Education

Student survey draws large response from LGBTQIA+ students at Oswego East, Oswego High schools

18% of more than 2,500 students who participated in survey identified as LGBTQIA+

A recent survey of Oswego High School and Oswego East High School students drew a large response from students who identify as either lesbian, gay, bisexual, transgender and queer or questioning (LGBTQIA+).

Board of Education Student Ambassadors Aanya Roy, an Oswego East junior, Colton Sannito, an Oswego High School senior, along with Jadon Waller, director of diversity, equity, inclusion and family engagement for the district and the Superintendent’s Student Advisory Committee conducted the survey in October among students at the two high schools.

A total of 2,593 students from both high schools responded to the survey.

On the survey, students were asked, “Are you part of the LGBTQIA+ community?” to which 473 students answered “Yes” while 189 students responded “I prefer not to answer.”

Results of the survey were presented to the Board of Education during a meeting Nov. 15.

In response to questions from the Board of Education, Waller told the board that one of the most surprising results of the survey for her, was that 18% of students who took the survey identified as members of the LGBTQIA+ community, making that group the second-largest subgroup of students to respond to the survey.

That statistic, Waller said, suggests a “call to action and urgency, that is necessary for them.”

The core of the survey asked students to list their greatest concerns in four areas: Academic Focus, School Structure, Social Climate, and Student-to-Student Interactions.

Several subgroups of students identified both LGBTQIA+/BIPOC (Black Indigenous People of Color) Representation in Curriculum as most important to them, including: Multiracial and LGBTQIA+ students, Black/White students, Middle Eastern students, Latinx students, Chicano students, Filipino students, Afro-Latinx students, and African-American/Black students.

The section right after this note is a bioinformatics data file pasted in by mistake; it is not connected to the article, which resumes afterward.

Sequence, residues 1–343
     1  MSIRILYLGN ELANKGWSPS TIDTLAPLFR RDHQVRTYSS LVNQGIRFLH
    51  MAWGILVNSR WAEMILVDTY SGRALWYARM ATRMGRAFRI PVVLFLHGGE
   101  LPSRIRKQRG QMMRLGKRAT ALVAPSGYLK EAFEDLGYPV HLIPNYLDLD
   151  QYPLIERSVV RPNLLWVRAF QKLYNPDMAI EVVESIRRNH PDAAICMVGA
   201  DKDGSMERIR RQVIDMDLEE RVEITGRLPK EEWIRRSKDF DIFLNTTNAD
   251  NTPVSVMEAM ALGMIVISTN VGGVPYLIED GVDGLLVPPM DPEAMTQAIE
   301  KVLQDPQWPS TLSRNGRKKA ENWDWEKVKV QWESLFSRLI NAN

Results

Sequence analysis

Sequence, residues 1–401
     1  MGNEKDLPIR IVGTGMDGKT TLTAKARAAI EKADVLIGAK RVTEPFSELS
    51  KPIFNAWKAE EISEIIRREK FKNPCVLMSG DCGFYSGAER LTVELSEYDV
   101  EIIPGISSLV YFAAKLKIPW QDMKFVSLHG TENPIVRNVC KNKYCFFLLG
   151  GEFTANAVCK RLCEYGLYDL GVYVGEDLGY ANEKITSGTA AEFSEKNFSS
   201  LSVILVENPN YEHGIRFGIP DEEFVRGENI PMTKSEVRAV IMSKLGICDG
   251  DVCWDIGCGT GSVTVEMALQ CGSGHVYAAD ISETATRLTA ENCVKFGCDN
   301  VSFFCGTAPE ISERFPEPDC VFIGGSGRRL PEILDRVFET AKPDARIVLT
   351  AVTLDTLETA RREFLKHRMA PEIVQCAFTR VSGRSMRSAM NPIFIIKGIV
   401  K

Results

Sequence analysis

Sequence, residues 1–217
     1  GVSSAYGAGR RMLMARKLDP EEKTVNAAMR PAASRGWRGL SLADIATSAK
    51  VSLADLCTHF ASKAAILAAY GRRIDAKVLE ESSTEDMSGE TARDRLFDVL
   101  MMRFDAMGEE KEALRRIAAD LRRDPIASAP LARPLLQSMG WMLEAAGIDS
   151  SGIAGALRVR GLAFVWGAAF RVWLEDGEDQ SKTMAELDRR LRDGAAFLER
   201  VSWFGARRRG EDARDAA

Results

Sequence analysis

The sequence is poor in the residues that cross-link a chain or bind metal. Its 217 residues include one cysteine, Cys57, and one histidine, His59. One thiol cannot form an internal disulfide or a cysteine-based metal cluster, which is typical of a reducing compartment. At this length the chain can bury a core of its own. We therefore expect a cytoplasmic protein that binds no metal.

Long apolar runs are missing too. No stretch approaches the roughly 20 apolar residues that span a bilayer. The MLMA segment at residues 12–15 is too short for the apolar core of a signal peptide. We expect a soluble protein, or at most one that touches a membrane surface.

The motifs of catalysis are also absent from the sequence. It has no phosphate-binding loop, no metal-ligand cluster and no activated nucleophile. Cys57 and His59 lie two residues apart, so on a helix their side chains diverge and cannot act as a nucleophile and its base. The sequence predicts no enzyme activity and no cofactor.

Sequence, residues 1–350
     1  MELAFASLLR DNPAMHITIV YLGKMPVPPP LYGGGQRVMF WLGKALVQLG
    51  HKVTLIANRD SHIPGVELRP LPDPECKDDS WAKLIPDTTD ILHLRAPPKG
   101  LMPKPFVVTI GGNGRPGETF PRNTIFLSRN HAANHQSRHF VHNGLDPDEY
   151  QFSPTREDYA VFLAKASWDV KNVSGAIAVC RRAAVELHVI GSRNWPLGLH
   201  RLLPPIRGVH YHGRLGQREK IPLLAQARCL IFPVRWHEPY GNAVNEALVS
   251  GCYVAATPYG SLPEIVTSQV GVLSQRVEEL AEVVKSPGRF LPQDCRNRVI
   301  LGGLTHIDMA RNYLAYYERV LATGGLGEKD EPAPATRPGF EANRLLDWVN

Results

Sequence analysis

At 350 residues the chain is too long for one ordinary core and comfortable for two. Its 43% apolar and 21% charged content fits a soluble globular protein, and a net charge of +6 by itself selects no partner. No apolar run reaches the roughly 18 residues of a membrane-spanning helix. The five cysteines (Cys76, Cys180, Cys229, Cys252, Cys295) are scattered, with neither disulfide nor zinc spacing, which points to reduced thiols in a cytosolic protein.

LGBTQIA+/BIPOC Representation in School Culture was a top concern among LGBTQIA+ students, Indigenous students, Black/White students, African-American/Black students, Chicano students, Filipino students, and Afro-Latinx students.

Other top concerns of students included: Teacher response and role in a student’s mental capacity and mental health, amount of homework, racial/identity discrimination, test retake policy and homework policy.

While mental health and stress were a focus in survey responses, Roy and Sannito told the board that the student advisory committee hopes to address “these specific root causes” for student mental health.

“There are various facets of mental health and various roots of the issue as they relate to the educational environment that must be addressed,” a memo to the board read. “And by utilizing further results of the survey, our student advisory committee is hoping to target these specific root causes.”